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Lockdown reflections - a year of challenge and change - OIC interim Chief Executive John Mundell

Lockdown reflections - a year of challenge and change - OIC interim Chief Executive John Mundell
23 March 2021

2020 – A Year of Challenge and Change

By Orkney Islands Council interim Chief Executive John Mundell

The year 2020 has been one like no other.

It is fair to say when I took up the role of interim Chief Executive of Orkney Islands Council in June 2019, I’d prepared myself for a number of challenges that come with such a post – but a global pandemic was definitely not among them.

The lockdown was imposed nationally one year ago today on the 23 March 2020 and the world as we knew it changed forever.

When the seriousness of Covid-19 emerged, it was all about the immediate response – the need to protect the NHS, the health and safety of everyone, to safeguard jobs, to keep the economy moving while at the same time following restrictions being imposed initially by the UK Government and thereafter the Scottish Government.

We have been on this journey together – learning as we go, and we continue to gain understanding as the days, weeks and months pass.

With the easing of restrictions and the economic implications becoming clearer, we’re looking ahead to our recovery and what this means for our local authority and our current and future employees.

The Council is Orkney’s largest employer – with over 2,700 people employed by the local authority which is over ten per cent of the island’s population.

I can say with confidence and pride that our workforce has gone well above and beyond during these unprecedented times. This has been no mean feat. The unknown leads to fear. Uncertainty leads to fear. Change leads to fear and fear can lead to frustration. Our staff have had to deal with the public’s frustrations and have been impacted to some degree but continue to deal with this admirably. I, again, appeal for the wider public to remember that everyone is trying their best to continue to do their jobs while following the national guidance and restrictions whatever they me be at any given time.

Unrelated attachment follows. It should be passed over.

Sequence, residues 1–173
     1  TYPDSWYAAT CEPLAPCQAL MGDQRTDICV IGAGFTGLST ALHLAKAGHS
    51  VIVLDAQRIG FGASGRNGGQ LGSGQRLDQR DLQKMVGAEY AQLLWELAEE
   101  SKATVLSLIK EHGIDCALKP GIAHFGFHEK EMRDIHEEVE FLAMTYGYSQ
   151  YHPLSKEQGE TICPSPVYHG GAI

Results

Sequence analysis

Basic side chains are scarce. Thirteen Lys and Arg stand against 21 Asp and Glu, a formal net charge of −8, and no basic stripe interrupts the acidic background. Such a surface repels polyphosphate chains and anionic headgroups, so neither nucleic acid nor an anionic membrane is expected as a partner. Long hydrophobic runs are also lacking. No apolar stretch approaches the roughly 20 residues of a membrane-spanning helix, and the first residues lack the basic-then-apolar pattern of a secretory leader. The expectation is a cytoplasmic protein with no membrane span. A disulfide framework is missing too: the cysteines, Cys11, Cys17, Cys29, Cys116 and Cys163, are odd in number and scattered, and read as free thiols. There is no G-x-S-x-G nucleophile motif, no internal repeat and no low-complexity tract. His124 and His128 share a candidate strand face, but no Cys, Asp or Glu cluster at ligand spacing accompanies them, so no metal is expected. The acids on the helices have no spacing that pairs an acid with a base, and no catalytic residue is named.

Orkney has built a reputation for looking out for one another – let’s not change that.

Throughout the pandemic, our staff have responded with diligence - finding new innovative ways to connect and support each other and our communities, ensuring that critical services have continued as far as practicable throughout.

The pandemic has shown how fragile the world can be and how we, as a local authority, should move forward – how we optimise what we do, make a more positive impact and change the way we work for the benefit of all.

We have the chance now to make these changes.

We have learned to work in a different way – some from home, others within the workplace and for some it is a combination of both. The vaccination programme is continuing apace and this, combined with the suppression of the virus, has led to a lower level of restrictions compared with the rest of the country and we hope this continues.
Moving forward, what will a continued relaxation mean for our workforce?

Our staff are not “returning to work” – they never stopped working – but for some, this may mean returning to the workplace, as opposed to being at home, or perhaps a combination of both. Discussions will continue with employees as to how best move this forward relating to their own personal circumstances.
As some will recognise, prolonged home working can have a negative impact on mental health and there are additional pressures on those who have been required to home school.

I know that many others have adapted well to the new world of working from home enjoying the flexibility, time with family and no commutes – albeit fairly short ones in Orkney!
We know that some of our staff miss the social interaction, but I do not think any of us expect life and work to return to exactly how it was pre-Covid.

I see this as a positive – an opportunity to rethink how and why we use our workplaces and what we want the future of work to look like.

This is what we will address in the coming months.

It is right and proper to reflect on the year gone by, how far we have all come as a workforce and wider community, but we must look forward - we must not give up now.
I ask that we continue to respect one another; demonstrate resilience, maintain our responsiveness, keep our risk as low as possible and recognise this will come to an end – it is just a matter of time.

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